The doctrine of karma teaches that all voluntary actions produce an effect on the doer in this or future lives

The teacher in his sermon was explaining the doctrine of karma, which teaches that all voluntary actions produce an effect on the doer in this or future lives. ‘If you want to know what you have done in the past he said, ‘look at your present circumstances, which are the result of what you did; if you want to know what your future will be, look at what you are doing now, which will shape it. In the Christian Bible too the same doctrine is hinted at in the words, “As you sow, so shall you reap.” ‘ Afterwards one of the pupils said to the teacher, ‘In the Christian Bible there is a story of the man who was attacked and left for dead by robbers. Two people passed by on the other side of the road, and then a third man picked him up and looked after him. …

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We named it and now it’s known and is correspondingly supposed to be understood

There is a mediaeval Japanese story about learning which is quite revealing. A man turns up at a mediaeval court, supposed to be about 13th century, and it is noteworthy that the local lords are, in the cheerful, democratic, traditional Japanese way, often presented as  fools. Anyway, the local lord is there and the man turns up at his court and asks for a job of employment. The local lord says, ‘What can you do?’ The man replies, ‘I know the unusual things that other people don’t know’. ‘Oh, oh, well, that might be useful, mightn’t it?’ so the lord takes him on. Well, the man’s at the court and periodically there are court crises when the accounts are miles behind and they ask him to lend a hand. He says, ‘No, no, the accountants can do the accounts, clerks can do the accounts. I do the things that no one else can …

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The old woman and the pencil stub

A Japanese master of calligraphy retired to the country and he took an interest in the schoolchildren in their education and there was one boy there who was being brought up by his grandmother because both his parents had died and the teacher of calligraphy saw this boy and saw his schoolwork and he told the grandmother, he said: ‘when the time comes he ought to go to college in the capital and sure enough the grandmother made great sacrifices for bringing up the boy and made it clear that she was making great sacrifices and that she did not have very many friends. People complain a lot if they don’t have many friends. When the time came, the teacher said: well now, he should go to the capital to study, and the president of one of the main universities is a friend of mine and I can write you …

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Meditation on the colour blue calms the mind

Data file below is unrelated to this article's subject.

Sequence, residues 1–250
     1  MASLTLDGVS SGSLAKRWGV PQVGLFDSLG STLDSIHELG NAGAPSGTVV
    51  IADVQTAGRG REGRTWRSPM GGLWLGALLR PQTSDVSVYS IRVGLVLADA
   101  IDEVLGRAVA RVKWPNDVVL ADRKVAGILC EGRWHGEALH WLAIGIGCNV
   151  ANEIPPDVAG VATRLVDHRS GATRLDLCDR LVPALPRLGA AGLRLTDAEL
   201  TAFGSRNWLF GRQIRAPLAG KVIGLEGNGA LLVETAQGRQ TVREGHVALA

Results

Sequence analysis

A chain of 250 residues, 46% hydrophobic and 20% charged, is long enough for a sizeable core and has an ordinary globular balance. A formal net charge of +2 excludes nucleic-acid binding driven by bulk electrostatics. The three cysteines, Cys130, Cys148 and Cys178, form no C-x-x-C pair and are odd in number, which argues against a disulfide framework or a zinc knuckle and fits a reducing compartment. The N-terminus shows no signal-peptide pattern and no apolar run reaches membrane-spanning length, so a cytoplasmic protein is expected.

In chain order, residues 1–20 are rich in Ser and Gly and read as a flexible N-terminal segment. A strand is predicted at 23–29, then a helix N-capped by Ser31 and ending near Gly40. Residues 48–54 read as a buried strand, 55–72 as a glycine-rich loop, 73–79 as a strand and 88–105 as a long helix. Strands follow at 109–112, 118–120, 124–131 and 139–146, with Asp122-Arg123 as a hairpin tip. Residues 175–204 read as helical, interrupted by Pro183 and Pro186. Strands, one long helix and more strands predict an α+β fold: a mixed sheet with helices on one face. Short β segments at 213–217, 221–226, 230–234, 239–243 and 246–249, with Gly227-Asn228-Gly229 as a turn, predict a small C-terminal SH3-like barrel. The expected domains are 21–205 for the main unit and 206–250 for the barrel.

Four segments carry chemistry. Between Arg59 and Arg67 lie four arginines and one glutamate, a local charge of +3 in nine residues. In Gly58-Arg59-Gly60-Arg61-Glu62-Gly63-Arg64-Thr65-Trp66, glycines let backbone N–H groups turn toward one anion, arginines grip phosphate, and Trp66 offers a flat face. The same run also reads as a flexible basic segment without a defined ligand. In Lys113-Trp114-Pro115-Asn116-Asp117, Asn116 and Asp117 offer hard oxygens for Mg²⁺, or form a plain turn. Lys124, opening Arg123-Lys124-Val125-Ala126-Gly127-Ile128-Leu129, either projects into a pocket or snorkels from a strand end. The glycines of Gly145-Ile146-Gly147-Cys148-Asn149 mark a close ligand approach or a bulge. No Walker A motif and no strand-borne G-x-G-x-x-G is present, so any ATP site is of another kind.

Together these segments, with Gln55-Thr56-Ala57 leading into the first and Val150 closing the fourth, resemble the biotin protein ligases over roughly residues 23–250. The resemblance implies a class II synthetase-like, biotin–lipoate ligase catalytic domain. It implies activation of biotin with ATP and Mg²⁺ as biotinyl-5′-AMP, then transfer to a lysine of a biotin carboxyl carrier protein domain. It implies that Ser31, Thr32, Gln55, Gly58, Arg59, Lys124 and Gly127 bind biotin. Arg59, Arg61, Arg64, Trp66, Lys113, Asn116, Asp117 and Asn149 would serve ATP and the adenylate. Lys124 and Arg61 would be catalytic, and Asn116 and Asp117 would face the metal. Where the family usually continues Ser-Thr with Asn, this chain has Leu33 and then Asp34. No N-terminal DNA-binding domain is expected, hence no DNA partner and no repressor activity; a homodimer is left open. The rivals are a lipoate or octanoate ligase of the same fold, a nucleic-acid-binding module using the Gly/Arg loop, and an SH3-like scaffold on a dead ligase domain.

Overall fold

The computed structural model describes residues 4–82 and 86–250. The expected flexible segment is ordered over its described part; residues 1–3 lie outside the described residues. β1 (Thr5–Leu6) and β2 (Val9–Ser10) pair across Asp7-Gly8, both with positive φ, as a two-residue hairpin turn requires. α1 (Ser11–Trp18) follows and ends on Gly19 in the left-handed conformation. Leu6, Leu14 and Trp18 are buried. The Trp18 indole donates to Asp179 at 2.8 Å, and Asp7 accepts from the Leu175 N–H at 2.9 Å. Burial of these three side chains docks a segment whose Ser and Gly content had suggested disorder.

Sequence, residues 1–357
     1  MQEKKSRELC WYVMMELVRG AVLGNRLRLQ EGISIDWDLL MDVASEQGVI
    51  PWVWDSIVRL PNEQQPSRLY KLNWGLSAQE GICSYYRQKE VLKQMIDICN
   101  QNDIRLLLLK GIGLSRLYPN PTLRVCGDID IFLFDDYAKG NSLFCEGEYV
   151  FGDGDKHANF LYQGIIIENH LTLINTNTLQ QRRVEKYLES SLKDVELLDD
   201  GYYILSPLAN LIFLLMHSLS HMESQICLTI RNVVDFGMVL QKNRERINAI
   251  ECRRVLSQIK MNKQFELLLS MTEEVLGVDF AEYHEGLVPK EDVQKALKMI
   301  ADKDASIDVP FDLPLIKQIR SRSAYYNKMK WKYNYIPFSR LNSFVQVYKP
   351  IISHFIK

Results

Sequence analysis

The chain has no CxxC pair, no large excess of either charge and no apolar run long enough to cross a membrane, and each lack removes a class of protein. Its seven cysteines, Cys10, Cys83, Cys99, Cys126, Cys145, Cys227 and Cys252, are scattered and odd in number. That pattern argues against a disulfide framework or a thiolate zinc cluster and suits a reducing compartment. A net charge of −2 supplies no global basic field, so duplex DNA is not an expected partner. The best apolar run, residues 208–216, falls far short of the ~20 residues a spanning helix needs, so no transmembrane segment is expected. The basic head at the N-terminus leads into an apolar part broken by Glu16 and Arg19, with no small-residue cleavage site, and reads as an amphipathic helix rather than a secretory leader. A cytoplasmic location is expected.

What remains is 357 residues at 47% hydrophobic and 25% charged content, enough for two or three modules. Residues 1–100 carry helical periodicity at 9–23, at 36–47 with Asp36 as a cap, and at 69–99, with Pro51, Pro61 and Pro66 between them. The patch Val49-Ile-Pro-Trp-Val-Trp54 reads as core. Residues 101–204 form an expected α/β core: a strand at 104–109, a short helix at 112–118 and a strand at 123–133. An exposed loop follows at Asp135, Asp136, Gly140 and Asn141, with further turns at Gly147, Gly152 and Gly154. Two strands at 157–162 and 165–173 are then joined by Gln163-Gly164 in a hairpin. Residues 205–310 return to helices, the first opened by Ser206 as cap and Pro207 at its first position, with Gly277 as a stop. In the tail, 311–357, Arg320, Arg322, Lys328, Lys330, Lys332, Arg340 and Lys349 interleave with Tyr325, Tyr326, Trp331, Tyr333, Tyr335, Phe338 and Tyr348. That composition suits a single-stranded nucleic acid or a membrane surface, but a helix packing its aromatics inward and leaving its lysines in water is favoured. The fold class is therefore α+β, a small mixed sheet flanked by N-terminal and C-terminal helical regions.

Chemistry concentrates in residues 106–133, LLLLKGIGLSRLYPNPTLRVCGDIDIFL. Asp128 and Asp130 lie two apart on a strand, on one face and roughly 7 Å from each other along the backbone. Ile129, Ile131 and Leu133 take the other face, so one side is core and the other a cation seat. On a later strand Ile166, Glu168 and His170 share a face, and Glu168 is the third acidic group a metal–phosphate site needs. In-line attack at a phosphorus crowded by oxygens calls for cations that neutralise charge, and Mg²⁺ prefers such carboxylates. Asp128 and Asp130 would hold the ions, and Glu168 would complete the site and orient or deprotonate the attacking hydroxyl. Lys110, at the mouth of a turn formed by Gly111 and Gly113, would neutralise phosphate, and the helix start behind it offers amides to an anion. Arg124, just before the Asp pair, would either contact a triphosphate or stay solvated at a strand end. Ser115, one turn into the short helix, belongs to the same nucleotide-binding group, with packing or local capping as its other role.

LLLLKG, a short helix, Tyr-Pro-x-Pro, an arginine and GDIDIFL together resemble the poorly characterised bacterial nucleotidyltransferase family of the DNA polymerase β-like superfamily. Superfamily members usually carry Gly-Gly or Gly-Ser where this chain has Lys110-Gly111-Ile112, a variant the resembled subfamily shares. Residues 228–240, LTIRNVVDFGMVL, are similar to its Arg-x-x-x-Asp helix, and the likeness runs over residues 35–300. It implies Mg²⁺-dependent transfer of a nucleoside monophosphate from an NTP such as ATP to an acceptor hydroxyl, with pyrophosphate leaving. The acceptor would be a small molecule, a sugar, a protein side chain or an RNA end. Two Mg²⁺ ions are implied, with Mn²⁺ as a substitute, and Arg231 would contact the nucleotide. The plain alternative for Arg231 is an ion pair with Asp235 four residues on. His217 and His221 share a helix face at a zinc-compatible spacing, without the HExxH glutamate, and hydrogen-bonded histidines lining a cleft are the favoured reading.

Sometimes in a spiritual group a dispute develops over practically nothing. Although it is so trivial, people feel strongly about it. No one seems to know the cause of what is happening, or what to do. When the teacher first founded the group they were poor, and had only a cheap brown cloth over the altar on which was the form of the god. They worshipped with prayers and mantras for the first half of the meeting, and then, when the minds were to some extent pacified, they meditated on the Upanishadic text: ‘O holy divinity, I am what thou art, and thou, O holy divinity, art what I am.’ The teacher had once mentioned that to see or meditate on the colour blue has a calming effect on the mind, and added that blue was the best colour for an altar cloth. This remark was taken down, but nothing …

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You can’t expect a man in chains to do anything

A man said to his teacher, ‘I have tried to break my habit of going to wine-shops and brothels, but I can’t do it. I am in chains to my nature. You can’t expect a man in chains to do anything.’ The teacher met him going to the town one evening. He was smartly dressed and walking briskly in anticipation. The teacher said, ‘You don’t look like a man in chains.’   © Trevor Leggett – Chains

These people will never understand the spirit of Tea

Not long ago, a Japanese Tea Ceremony master made a visit to a certain foreign country to give demonstrations. His hosts found a beautiful garden, with two pavilions in it. In one the guests were to assemble, and then a group of fifty would go to the other pavilion, where the master was to demonstrate the ceremony. After about forty minutes, the audience would change; those who had witnessed it went back, and a new group walked the hundred yards to the master’s pavilion to see a new performance. He commented when he returned to Japan, Tn that country the men shout and the women scream. When I heard the very first group coming across, shouting and screaming, I thought, “These people will never understand the spirit of Tea.” But to my amazement, they sat very still and attentive, and there was a good atmosphere. I thought, “They have understood …